Non-citizens (tourists and visa holders) may need to weigh less attractive options. Refusing to deliver a password can lead to CBP denying entry, simple and simple. The government is trying to make it compulsory for travelers not only to unlock devices, but to provide passwords for social media and other accounts.
If you have agreed to unlock your device, CBP agents can only give it a "clear search" and return it quickly. If CBP chooses a "forensic search", it is sent to a laboratory and held for at least five days. Forensic searches are thorough and can recover deleted messages and other information.
If you leave the airport without your unit, get a detailed receipt.
ACLU suggests that people who agree to unlock their devices do it themselves (write it manually), instead of writing the password for CBP. If you write your password down, it will probably be stored by the government and ACLU says you should change it as soon as possible.
If you leave the airport without your unit, the ACLU says that you will receive a detailed receipt, besides the name and brand number of CBP personnel involved in seizure. Devices that have been driven through a forensic search must be returned (eventually) as long as there is no probable cause or evidence of a crime. The government can download all data from the device, but it says that the information will be destroyed within three weeks.
How do I protect my privacy?
There are steps that travelers can take to minimize the effects of having units seized and unlocked.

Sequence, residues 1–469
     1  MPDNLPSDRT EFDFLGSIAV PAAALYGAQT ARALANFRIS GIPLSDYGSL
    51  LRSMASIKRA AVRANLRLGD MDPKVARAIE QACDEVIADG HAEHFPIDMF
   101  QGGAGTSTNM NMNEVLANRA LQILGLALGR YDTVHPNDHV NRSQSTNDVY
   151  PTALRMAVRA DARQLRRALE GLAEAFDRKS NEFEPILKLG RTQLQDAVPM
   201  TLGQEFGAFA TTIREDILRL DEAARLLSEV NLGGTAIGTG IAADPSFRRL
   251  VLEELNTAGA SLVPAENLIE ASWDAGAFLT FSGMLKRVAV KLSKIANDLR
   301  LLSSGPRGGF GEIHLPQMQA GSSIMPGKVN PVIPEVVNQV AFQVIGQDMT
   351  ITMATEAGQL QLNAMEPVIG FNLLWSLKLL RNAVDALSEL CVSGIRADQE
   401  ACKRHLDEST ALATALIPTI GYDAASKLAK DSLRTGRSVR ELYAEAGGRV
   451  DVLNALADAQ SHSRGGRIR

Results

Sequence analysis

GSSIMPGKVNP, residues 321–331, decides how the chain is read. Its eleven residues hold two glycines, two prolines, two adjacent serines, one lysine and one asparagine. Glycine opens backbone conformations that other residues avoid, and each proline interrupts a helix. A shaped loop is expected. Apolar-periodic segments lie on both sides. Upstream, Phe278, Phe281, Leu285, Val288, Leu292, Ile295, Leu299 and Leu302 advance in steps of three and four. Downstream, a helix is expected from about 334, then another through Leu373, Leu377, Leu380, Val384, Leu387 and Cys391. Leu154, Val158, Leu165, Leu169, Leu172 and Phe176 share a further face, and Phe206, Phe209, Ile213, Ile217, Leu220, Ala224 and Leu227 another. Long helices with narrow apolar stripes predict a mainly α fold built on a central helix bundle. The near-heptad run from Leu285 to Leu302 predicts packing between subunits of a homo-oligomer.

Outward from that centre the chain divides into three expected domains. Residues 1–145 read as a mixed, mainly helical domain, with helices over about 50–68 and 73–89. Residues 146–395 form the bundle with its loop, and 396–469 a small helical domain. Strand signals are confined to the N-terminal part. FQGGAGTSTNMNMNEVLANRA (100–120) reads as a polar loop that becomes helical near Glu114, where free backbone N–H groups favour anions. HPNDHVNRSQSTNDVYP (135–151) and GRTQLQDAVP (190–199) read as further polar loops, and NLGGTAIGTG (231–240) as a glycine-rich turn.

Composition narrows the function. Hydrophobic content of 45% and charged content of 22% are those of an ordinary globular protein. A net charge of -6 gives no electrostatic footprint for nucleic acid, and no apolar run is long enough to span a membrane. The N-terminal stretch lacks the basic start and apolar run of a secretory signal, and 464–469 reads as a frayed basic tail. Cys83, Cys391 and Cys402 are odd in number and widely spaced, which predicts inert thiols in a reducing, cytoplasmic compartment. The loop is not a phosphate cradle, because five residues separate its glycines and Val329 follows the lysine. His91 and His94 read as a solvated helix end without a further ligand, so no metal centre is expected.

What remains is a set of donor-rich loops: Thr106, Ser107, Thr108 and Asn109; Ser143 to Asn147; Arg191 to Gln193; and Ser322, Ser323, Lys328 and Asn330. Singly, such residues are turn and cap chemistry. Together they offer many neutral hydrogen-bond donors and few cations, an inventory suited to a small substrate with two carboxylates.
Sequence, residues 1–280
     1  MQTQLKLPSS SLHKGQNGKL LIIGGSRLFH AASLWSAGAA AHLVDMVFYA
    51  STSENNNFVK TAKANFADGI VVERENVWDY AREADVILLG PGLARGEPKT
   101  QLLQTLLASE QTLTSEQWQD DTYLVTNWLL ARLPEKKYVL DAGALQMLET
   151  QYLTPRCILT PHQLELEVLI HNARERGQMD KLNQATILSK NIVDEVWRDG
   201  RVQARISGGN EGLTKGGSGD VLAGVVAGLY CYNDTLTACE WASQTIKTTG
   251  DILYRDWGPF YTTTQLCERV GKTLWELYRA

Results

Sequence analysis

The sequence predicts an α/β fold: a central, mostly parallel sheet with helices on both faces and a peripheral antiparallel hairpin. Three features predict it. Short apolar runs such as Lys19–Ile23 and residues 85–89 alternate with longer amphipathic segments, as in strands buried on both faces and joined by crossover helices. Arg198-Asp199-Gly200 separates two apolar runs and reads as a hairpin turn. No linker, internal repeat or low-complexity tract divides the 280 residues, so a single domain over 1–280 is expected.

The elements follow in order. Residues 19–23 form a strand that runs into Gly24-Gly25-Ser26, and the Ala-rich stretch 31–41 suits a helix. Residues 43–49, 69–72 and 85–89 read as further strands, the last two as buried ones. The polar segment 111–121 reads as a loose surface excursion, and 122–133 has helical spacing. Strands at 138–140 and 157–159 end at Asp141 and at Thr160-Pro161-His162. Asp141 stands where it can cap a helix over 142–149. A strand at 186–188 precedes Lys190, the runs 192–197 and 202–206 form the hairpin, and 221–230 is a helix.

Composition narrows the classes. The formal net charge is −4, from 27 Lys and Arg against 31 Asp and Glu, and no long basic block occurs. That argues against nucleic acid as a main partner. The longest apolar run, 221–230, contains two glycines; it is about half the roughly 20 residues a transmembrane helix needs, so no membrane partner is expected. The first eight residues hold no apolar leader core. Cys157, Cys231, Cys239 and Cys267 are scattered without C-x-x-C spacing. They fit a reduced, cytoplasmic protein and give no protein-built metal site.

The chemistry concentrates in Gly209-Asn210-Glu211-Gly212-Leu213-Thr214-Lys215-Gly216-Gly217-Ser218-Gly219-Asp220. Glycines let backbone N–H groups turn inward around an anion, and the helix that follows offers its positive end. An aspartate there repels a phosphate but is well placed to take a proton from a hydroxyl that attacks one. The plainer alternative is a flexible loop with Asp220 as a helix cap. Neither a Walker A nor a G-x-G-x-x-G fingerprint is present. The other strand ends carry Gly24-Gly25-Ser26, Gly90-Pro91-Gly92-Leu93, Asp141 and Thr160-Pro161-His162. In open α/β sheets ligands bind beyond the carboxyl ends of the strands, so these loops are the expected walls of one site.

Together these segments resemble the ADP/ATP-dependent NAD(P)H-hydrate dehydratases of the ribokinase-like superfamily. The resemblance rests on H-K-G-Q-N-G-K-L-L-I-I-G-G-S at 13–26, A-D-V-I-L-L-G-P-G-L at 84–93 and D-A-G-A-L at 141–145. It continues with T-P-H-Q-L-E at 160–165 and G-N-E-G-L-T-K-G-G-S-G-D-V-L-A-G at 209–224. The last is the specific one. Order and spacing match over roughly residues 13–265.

This can be difficult for many, but a suggestion is to carry as little with you as possible while traveling. It means as few units as you can handle, and with as little data as possible. If you are traveling for personal reasons, consider bringing a dedicated phone or laptop that has minimal data on board. All devices and accounts must be password protected and devices must be encrypted. Use strong passwords and keep them away when crossing the border.
See also: The best password managers for Android
Leave your data in the cloud. Do not store anything locally on memory cards or hard drives – which, incidentally, are also subject to search. Make sure apps on the device are disconnected from associated cloud accounts as you cross the border. Currently, CBP's policy states that it will not seek cloud data or other data that is only available via the Internet. This means that email and social media content that is not physically present on the current device is secure. Similarly, upload sensitive images from cameras and mobile devices before crossing the border. Make sure they are stored securely in the cloud.
Use the aircraft mode to your advantage. Because CBP searches are limited to what is on the device, leave it in flight mode so that the phone is not synchronized at any border search. This can let you unlock the device, or give a password to address CBP agents, while following the law and protecting your data.
If you absolutely have to travel with sensitive data, eg. lawyer-client information, ACLU suggests you the warrants to the privileged material before accessing the device. In these cases, CBP must adhere to certain legal proceedings.
Last but not least, whatever you do, remain calm. Do your best to keep an even temperament and handle CBP and ICE agents in a polite and friendly manner.
Enjoy your summer trips safely, securely and privately.